Plunky â€“ Cold Heat / 2006 Self / 14 Tracks / http://www.plunkyone.com /
J. Plunky Branch has been around for quite a long time. â€œCold Heatâ€ marks his thirty-five year in the music industry and his twenty-first album overall. Plunkyâ€™s horn on â€œCold Heatâ€ is placed alongside the rhythms of Setworkrz, which consists of his son and Al Dokes. Setworkrz steps up their game to the point that the masterful ability of Plunky is matched point for point by the percussive elements on the disc. The funk sound that starts out the disc during â€œDropâ€ could easily be the foundation for the soundtrack from any seventies movie.
The Spartan approach to the vocals allows the instruments to shine through all the brighter, and give individuals a sense of the ability of Plunky et al. â€œThe Meaning of Lifeâ€ changes the overall approach to something that resembles more of a reggae track, while there is a dark, electronic sound to the percussion that gives the track a unique sound. Adding more in the way of vocals to this track has the added benefit of showing listeners the limitless bounds to Plunkyâ€™s creativity. â€œDoes Everybody Do Itâ€ is the third track on the disc, and it marks the third variation in genre for Plunky. The funk sound is back, but there is a much more modern spin to the genre that has parallels in later Barry White. By the time that â€œIn This Worldâ€ ends, it feels as if Plunky has settled down considerably. The slightly-funky, slightly-modern style of Plunky becomes the dominant force on the disc. This does not mean, however, that Plunky rests on his laurels. Rather, the use of funk is limited to creating a thread throughout the disc rather than subjugating all subsequent tracks to that sound.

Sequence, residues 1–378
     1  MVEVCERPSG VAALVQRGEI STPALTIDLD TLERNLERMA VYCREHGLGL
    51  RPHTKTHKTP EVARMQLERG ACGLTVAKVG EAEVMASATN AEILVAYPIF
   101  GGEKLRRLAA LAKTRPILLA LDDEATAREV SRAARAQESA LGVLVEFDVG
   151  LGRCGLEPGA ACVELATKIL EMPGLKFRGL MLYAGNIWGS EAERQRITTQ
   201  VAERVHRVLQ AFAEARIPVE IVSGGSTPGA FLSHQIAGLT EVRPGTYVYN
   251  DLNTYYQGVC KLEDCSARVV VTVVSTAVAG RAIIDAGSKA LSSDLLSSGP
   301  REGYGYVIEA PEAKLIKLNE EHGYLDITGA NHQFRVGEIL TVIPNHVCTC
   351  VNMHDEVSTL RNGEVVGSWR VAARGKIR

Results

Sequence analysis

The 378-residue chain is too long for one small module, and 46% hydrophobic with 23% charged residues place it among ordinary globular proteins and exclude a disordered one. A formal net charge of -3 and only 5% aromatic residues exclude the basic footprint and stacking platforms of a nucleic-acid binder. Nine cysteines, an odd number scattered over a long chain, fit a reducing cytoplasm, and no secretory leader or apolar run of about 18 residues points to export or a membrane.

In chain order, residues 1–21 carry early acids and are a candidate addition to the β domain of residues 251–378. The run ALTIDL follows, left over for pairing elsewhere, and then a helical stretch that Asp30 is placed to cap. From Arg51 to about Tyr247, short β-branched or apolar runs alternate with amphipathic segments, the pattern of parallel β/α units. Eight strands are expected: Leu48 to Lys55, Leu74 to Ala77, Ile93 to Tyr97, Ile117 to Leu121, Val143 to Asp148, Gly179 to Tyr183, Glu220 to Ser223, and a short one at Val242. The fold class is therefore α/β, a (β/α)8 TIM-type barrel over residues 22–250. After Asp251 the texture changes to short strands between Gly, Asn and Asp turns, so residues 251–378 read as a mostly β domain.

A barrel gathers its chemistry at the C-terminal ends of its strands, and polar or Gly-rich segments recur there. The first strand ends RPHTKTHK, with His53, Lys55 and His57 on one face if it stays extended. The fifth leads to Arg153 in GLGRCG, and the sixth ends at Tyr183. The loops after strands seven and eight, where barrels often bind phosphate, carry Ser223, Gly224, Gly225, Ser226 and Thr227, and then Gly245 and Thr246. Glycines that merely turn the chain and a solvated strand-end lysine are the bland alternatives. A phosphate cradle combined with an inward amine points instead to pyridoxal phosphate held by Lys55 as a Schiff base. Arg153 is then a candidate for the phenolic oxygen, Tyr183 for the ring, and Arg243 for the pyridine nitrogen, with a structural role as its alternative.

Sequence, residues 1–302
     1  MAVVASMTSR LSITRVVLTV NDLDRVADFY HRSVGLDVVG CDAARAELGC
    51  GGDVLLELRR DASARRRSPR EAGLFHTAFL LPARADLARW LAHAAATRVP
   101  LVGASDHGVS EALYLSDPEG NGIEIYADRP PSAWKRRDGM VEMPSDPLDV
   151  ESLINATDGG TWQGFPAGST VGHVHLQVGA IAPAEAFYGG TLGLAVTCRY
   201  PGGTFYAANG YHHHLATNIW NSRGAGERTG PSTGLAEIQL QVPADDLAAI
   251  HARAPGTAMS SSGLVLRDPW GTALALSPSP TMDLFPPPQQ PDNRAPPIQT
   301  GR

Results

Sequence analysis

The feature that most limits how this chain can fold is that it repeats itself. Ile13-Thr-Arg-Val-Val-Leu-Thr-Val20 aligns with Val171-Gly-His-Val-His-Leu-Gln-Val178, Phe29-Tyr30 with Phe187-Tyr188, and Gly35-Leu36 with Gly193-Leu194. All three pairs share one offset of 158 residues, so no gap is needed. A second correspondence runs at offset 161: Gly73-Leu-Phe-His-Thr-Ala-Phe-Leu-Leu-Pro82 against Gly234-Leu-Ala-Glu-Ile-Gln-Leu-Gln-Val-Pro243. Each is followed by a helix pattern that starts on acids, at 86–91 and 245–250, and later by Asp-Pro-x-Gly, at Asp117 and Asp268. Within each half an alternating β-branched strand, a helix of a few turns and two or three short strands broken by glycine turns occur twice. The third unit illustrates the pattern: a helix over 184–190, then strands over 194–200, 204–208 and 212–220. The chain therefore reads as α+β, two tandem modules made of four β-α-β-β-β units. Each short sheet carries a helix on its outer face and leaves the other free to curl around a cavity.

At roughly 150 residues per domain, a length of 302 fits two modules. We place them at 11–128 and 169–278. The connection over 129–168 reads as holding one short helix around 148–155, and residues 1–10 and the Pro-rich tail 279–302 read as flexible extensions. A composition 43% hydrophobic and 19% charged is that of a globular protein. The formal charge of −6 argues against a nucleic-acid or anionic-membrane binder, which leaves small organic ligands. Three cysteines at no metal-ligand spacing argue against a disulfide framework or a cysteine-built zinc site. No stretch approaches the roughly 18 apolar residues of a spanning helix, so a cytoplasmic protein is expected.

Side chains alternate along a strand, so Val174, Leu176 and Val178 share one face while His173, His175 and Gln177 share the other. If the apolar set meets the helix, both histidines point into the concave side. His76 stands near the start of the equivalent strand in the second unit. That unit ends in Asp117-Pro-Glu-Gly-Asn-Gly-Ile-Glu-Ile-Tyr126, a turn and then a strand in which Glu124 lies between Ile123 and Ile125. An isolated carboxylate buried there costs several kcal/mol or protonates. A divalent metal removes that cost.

The inclusion of a female set of vocals to â€œHollar Backâ€ keeps things fresh and also marks one of the discâ€™s many single worthy tracks. The lyrics sang during this track are crafted in such a way that individuals will likely sing along after the second or third listening. Throwing in minor pieces of jazz and gangsta rap influence to â€œThe Near Futureâ€ is another bit of spice to this album, which ensures that individuals will not be weary of the disc in the slightest by the time that this track ends. For an interesting look on funk, jazz, R&B and a number of other styles, take a look at Plunkyâ€™s â€œCold Heatâ€. You will not regret it.
Top Tracks: Nevertheless, Drop